Carpenter Bees in SE Louisiana and Mississippi
Carpenter bees, true to their name, are robust bees that bore tunnels through untreated wood. Many think they consume the wood, but in actuality, carpenter bees use it to lay their eggs. Generally black in color and 1/4 to 1 inch in length, these bees are often mistaken for bumblebees. Along with bumblebee queens, carpenter bees are the largest native bees in the United States. Another difference is that the carpenter is solitary and does not build hives. The upper surface of their abdomen is bare and shiny black, while bumblebees have a hairy abdomen with yellow markings here and there.
Carpenter Bee Nests
Carpenter bees are not social insects and create individual nests in trees, eaves, or on the sides of structures. Males and females overwinter in old nest tunnels and emerge in the spring to mate. The mated female selects a suitable piece of wood for nest construction while the male spends most of their time hovering near nest sites. The female excavates a gallery using her mandibles, furnishes her nest with “bee bread” (a mixture of pollen and regurgitated nectar), deposits an egg, and closes the cell with chewed wood pulp. A carpenter bee infestation is usually detected by observing a large amount of sawdust and pollen on the ground below the area being chewed and excavated.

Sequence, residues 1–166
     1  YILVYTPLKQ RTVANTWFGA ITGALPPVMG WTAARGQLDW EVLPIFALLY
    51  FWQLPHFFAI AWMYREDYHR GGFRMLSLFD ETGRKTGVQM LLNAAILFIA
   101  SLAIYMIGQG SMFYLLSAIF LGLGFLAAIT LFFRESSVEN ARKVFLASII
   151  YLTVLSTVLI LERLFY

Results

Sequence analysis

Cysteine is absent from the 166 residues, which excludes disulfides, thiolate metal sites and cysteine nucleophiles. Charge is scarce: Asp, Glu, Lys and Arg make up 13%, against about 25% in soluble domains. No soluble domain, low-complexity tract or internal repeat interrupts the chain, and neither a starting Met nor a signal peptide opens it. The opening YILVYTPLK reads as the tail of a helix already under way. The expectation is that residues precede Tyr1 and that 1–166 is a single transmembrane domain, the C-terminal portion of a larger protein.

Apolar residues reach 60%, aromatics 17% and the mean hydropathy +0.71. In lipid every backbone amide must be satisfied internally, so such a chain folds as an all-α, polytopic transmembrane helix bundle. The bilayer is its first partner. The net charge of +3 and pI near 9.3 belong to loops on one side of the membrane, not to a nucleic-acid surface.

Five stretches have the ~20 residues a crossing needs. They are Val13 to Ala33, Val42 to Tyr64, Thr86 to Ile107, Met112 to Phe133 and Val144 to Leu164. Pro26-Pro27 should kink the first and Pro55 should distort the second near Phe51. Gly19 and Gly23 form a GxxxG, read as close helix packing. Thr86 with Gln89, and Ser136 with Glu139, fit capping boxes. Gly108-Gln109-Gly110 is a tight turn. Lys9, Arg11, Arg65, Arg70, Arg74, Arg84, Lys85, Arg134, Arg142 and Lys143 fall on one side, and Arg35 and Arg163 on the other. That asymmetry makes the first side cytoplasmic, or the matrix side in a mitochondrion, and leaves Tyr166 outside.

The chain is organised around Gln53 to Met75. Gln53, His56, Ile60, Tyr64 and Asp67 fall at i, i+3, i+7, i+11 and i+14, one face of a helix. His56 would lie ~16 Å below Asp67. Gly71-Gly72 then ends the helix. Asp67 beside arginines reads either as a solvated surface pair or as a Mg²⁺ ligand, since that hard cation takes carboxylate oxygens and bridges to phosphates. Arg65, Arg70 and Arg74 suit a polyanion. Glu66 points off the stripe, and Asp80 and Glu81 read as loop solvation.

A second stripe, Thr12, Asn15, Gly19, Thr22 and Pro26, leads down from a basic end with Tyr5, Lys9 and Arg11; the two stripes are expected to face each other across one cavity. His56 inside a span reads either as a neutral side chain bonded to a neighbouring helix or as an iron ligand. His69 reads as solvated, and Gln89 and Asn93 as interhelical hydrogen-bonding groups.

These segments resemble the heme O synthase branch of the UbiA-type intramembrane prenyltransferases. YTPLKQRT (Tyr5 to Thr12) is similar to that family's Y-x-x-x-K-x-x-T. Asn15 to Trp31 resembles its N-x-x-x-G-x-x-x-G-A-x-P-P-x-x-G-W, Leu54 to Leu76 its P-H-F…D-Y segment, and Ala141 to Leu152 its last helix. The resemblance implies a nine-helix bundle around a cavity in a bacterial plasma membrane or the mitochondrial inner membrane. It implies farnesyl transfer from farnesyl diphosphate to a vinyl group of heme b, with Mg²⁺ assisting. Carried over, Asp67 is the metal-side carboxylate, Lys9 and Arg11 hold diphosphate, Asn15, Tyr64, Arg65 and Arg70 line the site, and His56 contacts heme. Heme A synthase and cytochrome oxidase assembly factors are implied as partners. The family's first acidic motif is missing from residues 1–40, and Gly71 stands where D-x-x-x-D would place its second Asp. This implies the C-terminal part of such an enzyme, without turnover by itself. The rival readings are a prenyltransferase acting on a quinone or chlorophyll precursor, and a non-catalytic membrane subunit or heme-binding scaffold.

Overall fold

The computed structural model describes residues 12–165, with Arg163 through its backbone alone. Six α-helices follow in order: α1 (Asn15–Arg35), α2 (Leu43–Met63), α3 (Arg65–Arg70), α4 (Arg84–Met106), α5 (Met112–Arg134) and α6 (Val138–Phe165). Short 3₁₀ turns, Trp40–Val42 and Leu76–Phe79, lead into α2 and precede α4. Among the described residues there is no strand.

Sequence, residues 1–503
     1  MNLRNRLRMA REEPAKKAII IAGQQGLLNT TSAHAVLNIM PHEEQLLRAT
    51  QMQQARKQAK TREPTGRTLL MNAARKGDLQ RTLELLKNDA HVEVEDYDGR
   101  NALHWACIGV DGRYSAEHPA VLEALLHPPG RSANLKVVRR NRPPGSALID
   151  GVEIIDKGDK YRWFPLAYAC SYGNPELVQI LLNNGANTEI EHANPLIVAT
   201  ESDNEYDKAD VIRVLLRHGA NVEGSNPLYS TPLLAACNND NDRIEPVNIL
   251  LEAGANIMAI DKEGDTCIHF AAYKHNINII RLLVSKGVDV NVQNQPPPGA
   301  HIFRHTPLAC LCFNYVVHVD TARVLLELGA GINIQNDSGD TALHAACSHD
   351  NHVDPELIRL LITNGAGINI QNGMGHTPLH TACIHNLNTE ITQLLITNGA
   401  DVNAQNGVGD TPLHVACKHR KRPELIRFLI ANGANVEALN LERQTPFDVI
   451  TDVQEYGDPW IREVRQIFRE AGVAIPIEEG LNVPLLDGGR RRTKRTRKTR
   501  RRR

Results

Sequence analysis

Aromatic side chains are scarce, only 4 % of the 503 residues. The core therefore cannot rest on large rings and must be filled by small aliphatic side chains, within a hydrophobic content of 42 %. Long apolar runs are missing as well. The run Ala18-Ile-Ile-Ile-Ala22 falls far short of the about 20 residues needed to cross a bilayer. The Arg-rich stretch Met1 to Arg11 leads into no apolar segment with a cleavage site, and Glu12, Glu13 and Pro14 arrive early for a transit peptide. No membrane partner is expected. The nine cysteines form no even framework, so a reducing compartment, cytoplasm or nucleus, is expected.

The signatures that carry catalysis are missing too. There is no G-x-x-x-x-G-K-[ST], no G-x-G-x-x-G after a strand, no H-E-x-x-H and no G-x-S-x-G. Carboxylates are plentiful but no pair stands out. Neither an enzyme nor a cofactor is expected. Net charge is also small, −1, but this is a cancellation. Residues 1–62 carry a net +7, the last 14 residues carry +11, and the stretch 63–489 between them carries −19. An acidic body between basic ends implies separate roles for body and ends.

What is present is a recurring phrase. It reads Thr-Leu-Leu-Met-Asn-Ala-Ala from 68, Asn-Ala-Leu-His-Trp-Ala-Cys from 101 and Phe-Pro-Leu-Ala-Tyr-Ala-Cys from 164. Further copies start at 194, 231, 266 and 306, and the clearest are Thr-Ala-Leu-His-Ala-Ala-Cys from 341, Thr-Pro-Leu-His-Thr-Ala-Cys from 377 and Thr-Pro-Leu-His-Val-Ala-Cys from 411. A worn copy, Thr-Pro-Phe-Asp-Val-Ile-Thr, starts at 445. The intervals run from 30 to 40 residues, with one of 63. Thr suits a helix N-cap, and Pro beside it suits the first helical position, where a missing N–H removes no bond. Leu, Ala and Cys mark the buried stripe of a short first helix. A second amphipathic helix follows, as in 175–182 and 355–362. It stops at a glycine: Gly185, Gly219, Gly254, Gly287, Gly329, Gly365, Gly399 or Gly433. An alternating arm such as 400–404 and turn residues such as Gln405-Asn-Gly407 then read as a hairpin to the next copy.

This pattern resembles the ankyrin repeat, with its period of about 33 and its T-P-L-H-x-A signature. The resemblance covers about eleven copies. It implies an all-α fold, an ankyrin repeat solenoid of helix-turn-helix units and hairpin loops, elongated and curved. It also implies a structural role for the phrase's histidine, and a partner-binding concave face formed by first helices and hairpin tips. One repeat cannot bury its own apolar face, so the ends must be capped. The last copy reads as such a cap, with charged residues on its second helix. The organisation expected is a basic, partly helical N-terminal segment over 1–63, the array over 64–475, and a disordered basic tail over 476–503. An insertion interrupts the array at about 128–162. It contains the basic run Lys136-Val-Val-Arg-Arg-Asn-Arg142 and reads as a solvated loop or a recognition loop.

Carpenter Bee Habits & Dangers
Because they look like bumbles bees, which do sting, carpenter bees evoke a great deal of concern. Female carpenter bees are rarely aggressive but will sting if provoked. If a person is stung by a carpenter bee and is allergic to bee venom, they should seek immediate medical attention. Male carpenter bees do not possess a stinger, but can be extremely defensive when protecting and defending their nest. Although carpenter bees can be helpful pollinators, they can cause significant damage to structures. Windowsills, wooden siding, decks, railings, outdoor furniture, and fences can be attacked.
Old nests are used year after year and offspring will often times construct nests alongside old nests. For this reason, a single nest one year will become two or three the following year. If carpenter bees are allowed to tunnel in the same structure year after year, the cumulative damage can be significant. This makes it important to contact your local bee control experts as soon as you notice the signs of a carpenter bee problem.
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